Platinum, Goodnews Bay

Platinum, Goodnews Bay

by | Jun 14, 2021

Platinum is a mining community located on the Smalls River at the base of South Spit in Goodnews Bay, about 123 miles (198 km) south of Bethel and 11 miles (18 km) southwest of the village of Goodnews, Alaska. Goodnews Bay was originally called Imagpiguak by the Yup’ik meaning “Little Ocean”. In 1819, Russian explorers optimistically called the inlet Dobriek Vestei meaning “Good News”. In 1934, the present settlement of Platinum consisted of a single log cabin trading post and a few Yup’ik sod huts, remnants of the historical village of Arviik. The community of Platinum was named for the platinum deposits located about 8 miles (13 km) southwest in the Red Mountains within the Togiak National Wildlife Refuge. Platinum is an extremely rare heavy metal that is highly resistant to corrosion and used in catalytic converters, laboratory equipment, electrical contacts, and electrodes.

The discovery of platinum in the Goodnews Bay area was made in 1926 by Walter Smith, a Yup’ik from the former village of Kanakanagamute on Chagvan Bay. Hand-mining operations began in the summer of 1927 in the relatively shallow gravels of Clara Creek, Squirrel Creek, Fox Gulch, and Platinum Creek. All of these streams are tributaries of the Salmon River and emanate from the eastern flank of Red Mountain, a rust-colored ridge of rock that rises 2,000 feet (610 m) from the Bering Sea. From 1927 until 1933, 8-10 miners produced about 3,000 ounces (85 kg) of crude platinum or less than 500 ounces (14 kg) a year from these placer mines. In 1933, Northland Development Company acquired the leases and options and in 1934, they shipped into Goodnews Bay a dragline excavator, trestle sluice box, caterpillar tractor, and all the equipment and supplies necessary to establish a self-sufficient mining camp. The equipment and supplies were hauled approximately 25 miles (40 km) along the coast and around the western flank of Red Mountain, then up Salmon River to Squirrel Creek and the mining site. In 1937, the Goodnews Bay Mining Company acquired the assets of Northland Development Company and began large-scale commercial mining operations and Platinum became the latest Alaska boomtown with two trading posts, a roadhouse, and a post office. During World War II, the Alaska Territorial Guard safeguarded the mine against Japanese attack since it was the only primary producer of platinum in the United States.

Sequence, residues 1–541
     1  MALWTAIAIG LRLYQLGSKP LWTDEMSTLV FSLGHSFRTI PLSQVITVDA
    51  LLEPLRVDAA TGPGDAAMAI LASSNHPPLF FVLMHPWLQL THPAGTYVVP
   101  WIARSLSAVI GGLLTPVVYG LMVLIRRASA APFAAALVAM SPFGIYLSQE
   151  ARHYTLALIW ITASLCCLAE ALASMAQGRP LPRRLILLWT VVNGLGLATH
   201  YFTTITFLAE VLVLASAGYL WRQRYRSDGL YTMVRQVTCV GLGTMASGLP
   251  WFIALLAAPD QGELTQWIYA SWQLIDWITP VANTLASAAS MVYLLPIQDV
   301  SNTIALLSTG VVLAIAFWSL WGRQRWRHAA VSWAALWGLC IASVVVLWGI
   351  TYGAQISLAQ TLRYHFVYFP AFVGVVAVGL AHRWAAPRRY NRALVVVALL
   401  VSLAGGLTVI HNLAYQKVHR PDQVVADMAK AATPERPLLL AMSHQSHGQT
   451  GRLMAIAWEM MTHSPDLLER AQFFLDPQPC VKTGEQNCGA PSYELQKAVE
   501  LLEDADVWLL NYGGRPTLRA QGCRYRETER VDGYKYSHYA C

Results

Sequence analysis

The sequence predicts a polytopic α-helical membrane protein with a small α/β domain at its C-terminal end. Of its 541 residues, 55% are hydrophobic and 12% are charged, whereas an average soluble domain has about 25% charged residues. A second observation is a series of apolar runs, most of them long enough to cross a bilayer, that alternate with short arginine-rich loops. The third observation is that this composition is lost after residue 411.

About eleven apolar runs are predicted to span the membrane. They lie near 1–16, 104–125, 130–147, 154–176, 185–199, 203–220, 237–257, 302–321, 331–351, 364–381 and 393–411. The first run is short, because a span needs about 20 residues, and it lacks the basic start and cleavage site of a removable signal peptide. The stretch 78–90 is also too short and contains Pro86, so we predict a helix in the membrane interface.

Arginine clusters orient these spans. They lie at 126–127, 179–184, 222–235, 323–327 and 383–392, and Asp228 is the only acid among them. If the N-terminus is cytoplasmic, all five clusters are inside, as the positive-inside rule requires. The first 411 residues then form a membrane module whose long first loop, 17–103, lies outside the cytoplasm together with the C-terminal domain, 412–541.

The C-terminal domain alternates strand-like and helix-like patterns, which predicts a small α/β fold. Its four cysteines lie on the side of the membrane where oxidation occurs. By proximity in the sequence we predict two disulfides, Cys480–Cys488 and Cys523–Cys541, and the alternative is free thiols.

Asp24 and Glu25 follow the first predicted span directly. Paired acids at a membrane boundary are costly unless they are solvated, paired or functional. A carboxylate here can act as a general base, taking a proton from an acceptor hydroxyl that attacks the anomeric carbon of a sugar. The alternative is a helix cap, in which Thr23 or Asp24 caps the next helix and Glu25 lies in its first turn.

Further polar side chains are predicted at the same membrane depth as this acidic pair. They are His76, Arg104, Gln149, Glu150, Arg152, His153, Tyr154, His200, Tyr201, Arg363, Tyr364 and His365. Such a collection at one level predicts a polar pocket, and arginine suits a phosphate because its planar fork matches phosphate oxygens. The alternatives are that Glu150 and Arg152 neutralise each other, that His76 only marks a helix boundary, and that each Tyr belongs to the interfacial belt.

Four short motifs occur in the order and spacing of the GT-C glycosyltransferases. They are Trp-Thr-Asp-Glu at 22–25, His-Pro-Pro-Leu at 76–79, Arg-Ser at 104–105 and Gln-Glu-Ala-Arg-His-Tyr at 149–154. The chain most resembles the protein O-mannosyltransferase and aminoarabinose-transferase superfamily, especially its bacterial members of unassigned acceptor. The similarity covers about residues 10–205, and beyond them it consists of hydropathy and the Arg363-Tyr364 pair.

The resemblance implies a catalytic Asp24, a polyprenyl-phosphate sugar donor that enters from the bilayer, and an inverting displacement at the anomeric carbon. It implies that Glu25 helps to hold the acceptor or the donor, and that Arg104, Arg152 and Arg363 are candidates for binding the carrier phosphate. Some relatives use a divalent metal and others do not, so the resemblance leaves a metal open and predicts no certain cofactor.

The Goodnews Bay Mining Company operated continuously until 1979. The claims were mined intermittently throughout the 1980s by Hanson Industries and then lay dormant until the current operator, XS Platinum Limited, purchased the property in 2008. XS Platinum reprocessed the tailings from historical operations using a land-based facility to separate the metal from rock. The company also planned to mine virgin deposits, decommission the 1937 dredge, extending the airstrip using tailings as runway material, and update equipment. In 2010, the company conducted a shallow exploratory drilling program to potentially increase the size of the claim. In 2012, the mining operation stopped and the company entered extended foreclosure. In November 2014, both XS Platinum and five of its employees were indicted on several charges of violating the Clean Water Act and submitting false statements. The mine manager and plant manager pleaded guilty and were sentenced to community service and ordered to pay fines. The company chief operating officer was found guilty of two misdemeanors but not of several felony charges, and served a year in prison. As of 2017, two mining executives from Australia remain fugitives. Read more here and here. Explore more of Platinum and Goodnews Bay here:

About the background graphic

This ‘warming stripe’ graphic is a visual representation of the change in global temperature from 1850 (top) to 2021 (bottom). Each stripe represents the average global temperature for one year. The average temperature from 1971-2000 is set as the boundary between blue and red. The color scale goes from -0.7°C to +0.7°C. The data are from the UK Met Office HadCRUT4.6 dataset. 

Credit: Professor Ed Hawkins (University of Reading). Click here for more information about the #warmingstripes.

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